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A simple shutter speed formula
If you're shooting handheld images in low light, there's a simple formula to know.
You need a shutter speed of 1/(focal length) second or faster. So, when using a 100mm lens you need a shutter speed of at least 1/100 second. (The focal length to use here is the 35mm equivalent focal length.)
If light is really low, to get fast enough shutter speed, use a high ISO setting on your digital camera, and a wide aperture. Try to brace the camera against something (a wall, a door, a car) if you can. Press the shutter release smoothly (don’t stab at it).
With a compact digital camera, you may get sharper shots using the optical viewfinder (if it has one), holding the camera firmly up against your eye, than holding it out at arms length and using the LCD for framing.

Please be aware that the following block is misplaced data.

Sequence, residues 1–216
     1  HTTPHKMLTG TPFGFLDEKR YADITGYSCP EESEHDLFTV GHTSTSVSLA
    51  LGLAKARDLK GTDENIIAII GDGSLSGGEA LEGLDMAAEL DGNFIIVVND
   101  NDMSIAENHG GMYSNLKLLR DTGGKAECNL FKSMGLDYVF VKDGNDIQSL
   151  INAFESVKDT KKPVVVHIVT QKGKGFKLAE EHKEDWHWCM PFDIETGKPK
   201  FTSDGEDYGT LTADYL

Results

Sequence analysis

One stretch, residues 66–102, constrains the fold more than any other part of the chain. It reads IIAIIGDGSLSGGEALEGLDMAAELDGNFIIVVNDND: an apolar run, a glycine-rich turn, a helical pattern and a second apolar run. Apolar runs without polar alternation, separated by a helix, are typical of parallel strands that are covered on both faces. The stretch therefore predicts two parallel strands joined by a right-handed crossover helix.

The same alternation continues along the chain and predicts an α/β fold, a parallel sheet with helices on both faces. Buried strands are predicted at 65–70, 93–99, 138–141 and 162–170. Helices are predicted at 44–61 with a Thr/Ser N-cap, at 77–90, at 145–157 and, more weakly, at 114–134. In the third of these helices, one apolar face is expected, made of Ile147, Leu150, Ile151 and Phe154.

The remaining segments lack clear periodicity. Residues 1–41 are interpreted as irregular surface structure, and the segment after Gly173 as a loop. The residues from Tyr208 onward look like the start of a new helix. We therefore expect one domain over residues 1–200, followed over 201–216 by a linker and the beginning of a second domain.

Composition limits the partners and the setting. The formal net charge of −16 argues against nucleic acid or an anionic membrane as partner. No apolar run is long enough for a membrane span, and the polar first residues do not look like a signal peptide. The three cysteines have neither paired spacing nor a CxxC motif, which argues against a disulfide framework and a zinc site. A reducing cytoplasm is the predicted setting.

If it's impossible to get a fast enough sutter speed, try setting the camera on continuous shooting mode and take a series of shots. Though most may be blurred, the chances of getting one sharp image out of many is a lot better than getting one sharp image out of one! The illustration shows this technique when shooting with a 70mm equivalent lens at 1/6 second. That’s about 3.5 stops too slow to be sure of a sharp image, but I got one!
Saved by a sequence: Sharpest and blurriest images from a sequence of eight shot at 1/6 second with a 70mm lens.